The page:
How is Jenny strange? She’s presented from the first—when she tries to drown a playmate and then “saves” him—as a scheming amoral Jezebel who thinks only about her ambitions and appetites. On the other hand, after the lovely transition in the same’s water’s reflection to the grown-up Jenny (Hedy Lamarr), she’s always helping and defending the poor and helpless, especially women, and it’s not merely for the sake of reputation.
As the poor child of a drunken abusive father (though she seems to enjoy being whipped by him!) and a mother who ran away with another man, her impulses include a sense of justice towards those who suffer unfairly as well as the desire to manipulate her way into fortune and love, so that every selfish action is balanced by a selfless one.
The people around her, too, are models of ambiguity, from the greedy town fathers to the three men who fall for her wiles. There’s her first husband, grasping merchant Gene Lockhart, who goes about securing her as his property just as duplicitously as she ensnares him. Then there’s the wishy-washy rabbit of a stepson (Louis Hayward, darting his eyes helplessly), the same one she tried to drown as a child. “Why are you always so frightened?” she asks him, just as we’re pretty fed up with him too. It’s probably because he’s read the script, or else a James M. Cain novel.
At the 50-minute mark comes the more square-shouldered foreman (George Sanders) who’s courting Jenny’s kind-hearted “friend” (Hillary Brooke in a role that would have suited Olivia de Havilland). One wonders what Otto Preminger might have done with all this ambiguity in a torrid historical setting based on a bestselling novel about a strumpet, and one knows the answer to that question if one has seen Forever Amber, which was made the following year.
Fresh from the Hollywood hair and make-up room with her drawn eyebrows and rouged lips (in 19th Century Bangor, Maine), Hedy Lamarr gives an excellent performance with the barest trace of her accent. It’s not a “realistic” portrayal, of course, but a heightened one of the kind that involves tilting her head in one direction and cocking a lash in the other as she gazes minx-like into the middle distance, her sights on the next improvisation toward a restless goal. Lamarr knew a good vehicle when she saw it, and she co-produced this picture.
Herb Meadow’s adaptation of Ben Ames Williams’ novel features good dialogue and strong incident and pace. This is transparently treading the territory claimed by Vivien Leigh’s Scarlett O’Hara (from a novel by Margaret Mitchell) and Bette Davis’ Jezebel (from a novel by Pamela Frankau) with an evil dash of Gene Tierney in the previous year’s Leave Her to Heaven (from a novel by this very same Ben Ames Williams).
These stories seduce the reader or viewer with the spectacle of a strong woman who dares to see the world as it is and tells unmentionable truths in her climb to the top, and it’s for all these transgressions that she must be punished. Whether in 1946 Hollywood or in Maine of the previous century, Jenny is strangest and most disturbing for letting rip with such speeches as: “Every time I say something honest about men and women, you say ‘Jenny!’ Why does a proper lady have to be embarrassed about plain talk? It isn’t honest, and it makes for old maids.”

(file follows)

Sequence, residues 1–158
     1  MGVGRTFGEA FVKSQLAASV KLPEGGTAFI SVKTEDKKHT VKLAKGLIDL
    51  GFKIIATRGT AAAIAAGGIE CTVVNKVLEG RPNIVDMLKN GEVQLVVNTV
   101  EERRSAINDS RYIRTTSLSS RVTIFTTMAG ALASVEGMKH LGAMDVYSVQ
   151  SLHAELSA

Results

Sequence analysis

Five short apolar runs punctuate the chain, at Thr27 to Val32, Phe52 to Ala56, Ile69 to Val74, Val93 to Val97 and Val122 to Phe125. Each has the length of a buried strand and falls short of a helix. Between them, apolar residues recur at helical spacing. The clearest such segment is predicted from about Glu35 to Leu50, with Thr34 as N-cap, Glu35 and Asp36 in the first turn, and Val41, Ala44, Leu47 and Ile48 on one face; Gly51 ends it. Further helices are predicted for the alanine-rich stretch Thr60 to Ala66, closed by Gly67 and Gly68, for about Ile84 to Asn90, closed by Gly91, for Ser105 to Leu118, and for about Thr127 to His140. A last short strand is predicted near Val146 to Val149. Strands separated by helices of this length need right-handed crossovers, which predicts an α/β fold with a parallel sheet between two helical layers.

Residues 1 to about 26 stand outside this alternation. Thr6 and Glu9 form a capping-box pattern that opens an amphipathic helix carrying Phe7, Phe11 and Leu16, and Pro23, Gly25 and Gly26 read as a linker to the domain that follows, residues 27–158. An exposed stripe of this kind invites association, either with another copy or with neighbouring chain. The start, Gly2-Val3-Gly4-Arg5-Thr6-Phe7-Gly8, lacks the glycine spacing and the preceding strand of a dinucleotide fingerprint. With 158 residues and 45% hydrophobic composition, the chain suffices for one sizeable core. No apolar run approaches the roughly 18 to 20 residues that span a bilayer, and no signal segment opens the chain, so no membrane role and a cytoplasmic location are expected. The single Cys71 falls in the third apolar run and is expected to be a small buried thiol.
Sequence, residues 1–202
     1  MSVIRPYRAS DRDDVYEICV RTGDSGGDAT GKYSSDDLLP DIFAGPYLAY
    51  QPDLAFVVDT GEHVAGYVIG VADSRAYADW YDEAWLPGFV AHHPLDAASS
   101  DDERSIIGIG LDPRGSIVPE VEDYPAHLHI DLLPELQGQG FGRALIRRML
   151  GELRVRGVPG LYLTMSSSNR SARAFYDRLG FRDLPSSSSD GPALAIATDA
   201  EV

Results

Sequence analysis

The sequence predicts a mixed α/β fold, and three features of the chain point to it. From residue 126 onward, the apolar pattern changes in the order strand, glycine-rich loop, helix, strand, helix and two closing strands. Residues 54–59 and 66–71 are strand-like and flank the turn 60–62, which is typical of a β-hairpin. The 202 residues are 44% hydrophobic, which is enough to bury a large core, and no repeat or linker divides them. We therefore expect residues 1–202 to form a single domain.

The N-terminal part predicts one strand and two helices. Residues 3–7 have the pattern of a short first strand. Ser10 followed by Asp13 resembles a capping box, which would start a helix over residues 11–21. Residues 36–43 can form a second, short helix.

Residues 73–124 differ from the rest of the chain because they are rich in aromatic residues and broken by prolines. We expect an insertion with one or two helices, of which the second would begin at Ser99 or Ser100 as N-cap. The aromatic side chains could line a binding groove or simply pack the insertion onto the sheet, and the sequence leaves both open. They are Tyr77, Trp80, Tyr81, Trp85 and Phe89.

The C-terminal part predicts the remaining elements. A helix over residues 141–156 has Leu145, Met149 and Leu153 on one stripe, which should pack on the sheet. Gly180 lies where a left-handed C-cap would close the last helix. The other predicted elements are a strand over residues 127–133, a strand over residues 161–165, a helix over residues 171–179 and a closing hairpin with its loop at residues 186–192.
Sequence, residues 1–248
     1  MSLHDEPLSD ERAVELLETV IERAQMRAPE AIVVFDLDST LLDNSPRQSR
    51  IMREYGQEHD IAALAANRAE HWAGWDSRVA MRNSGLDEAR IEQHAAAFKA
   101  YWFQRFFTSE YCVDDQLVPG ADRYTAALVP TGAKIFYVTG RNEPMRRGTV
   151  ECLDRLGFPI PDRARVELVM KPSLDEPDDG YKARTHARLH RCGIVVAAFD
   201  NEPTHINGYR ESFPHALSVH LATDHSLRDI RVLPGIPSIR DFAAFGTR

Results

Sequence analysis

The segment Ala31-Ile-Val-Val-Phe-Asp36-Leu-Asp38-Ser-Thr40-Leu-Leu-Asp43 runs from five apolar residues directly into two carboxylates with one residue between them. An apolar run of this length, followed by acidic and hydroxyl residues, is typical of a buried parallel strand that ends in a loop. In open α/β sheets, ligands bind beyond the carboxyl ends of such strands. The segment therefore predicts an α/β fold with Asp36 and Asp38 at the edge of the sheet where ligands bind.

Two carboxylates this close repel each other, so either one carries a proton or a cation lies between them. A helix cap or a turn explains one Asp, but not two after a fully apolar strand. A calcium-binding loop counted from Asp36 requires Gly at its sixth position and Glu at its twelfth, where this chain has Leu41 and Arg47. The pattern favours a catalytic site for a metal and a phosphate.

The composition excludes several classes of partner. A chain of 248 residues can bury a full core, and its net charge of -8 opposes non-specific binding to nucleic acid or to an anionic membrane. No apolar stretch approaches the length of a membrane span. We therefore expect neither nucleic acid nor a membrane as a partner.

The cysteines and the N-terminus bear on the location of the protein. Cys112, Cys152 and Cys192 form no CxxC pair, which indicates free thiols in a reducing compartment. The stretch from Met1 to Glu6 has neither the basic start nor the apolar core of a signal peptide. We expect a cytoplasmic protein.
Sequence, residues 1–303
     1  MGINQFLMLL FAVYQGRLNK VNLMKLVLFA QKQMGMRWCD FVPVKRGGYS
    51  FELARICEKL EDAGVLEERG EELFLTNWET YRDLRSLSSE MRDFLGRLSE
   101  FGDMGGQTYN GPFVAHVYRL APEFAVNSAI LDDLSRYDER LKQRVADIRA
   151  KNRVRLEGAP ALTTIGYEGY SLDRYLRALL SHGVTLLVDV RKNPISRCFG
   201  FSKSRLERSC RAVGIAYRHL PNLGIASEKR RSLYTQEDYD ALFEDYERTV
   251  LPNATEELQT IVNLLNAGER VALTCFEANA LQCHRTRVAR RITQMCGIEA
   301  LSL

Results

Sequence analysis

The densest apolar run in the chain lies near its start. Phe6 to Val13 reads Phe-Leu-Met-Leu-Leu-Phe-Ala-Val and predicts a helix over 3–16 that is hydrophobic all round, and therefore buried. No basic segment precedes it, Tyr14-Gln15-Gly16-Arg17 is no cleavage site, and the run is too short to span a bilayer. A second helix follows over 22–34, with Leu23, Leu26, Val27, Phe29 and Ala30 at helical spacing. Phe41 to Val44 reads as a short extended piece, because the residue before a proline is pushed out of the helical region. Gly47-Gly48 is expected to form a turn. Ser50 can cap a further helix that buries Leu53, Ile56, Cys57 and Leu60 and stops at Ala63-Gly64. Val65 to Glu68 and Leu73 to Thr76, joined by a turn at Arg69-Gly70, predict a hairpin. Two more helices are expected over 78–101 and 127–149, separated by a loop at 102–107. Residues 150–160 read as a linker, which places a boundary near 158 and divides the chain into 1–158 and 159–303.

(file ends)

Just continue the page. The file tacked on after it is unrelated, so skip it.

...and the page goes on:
The difference is that Jenny is genuinely stricken by conscience and a desire to resolve her libido with a super-ego. For all her guile, she’s unsophisticated enough to tremble before a fire-and-brimstone preacher—even though she recognizes that he’s no better than anyone else. She fires up at social hypocrisy, and it’s not always clear whether her carefully phrased interpretations of reality are designed to fool others as much as herself. When she reinterprets her childhood “drowning” as “saving,” does she really believe it? With what epiphany does she declare “I can never hold on to happiness”? She has incrementally learned to dread achieving what she aims for.
Produced by Hunt Stromberg for uncredited co-producers Lamarr and Jack Chertok, this film is one of precious few movies where director Edgar Ulmer had any kind of budget. He makes use of it not only in his cast but in Lucien Andriot’s swiveling camera moves, in the careful and sometimes expressionist lighting, and in the rich, convincing sets by Nicolai Remisoff, a designer for the Chicago Grand Opera.
IMDB claims, without citing a source, that Douglas Sirk directed the childhood sequence, and it claims further than the child actress who plays Jenny is the same actress directed by Sirk in the same year’s A Scandal in Paris. We’d love to believe this tidbit, but we don’t. There’s no corroboration in serious references like John Wakeman’s World Film Directors or Ephraim Katz’s Film Encyclopedia, and the TCM website quotes sources stating that the child was Ulmer’s own daughter Arianne, who was interviewed by Tom Weaver. Surely she’d have mentioned if she’d been directed by someone else, especially someone famous, and why would that have happened?
Variable copies have circulated in the public domain forever. This print claims the film for Astor Pictures, which means it’s a reissue print acquired after its independent release through United Artists. I’ve seen the picture twice, once in a theatre (well, projected on a wall), and can attest it’s never looked better. This advertised “HD restoration from 35mm film elements” from Film Chest Media hasn’t worked a complete miracle, since there’s visible damage on the print throughout, but never have the image and sound offered such clarity to help us appreciate the craft of it. This is important, as seeing the craft is what seduces us to feel the art.
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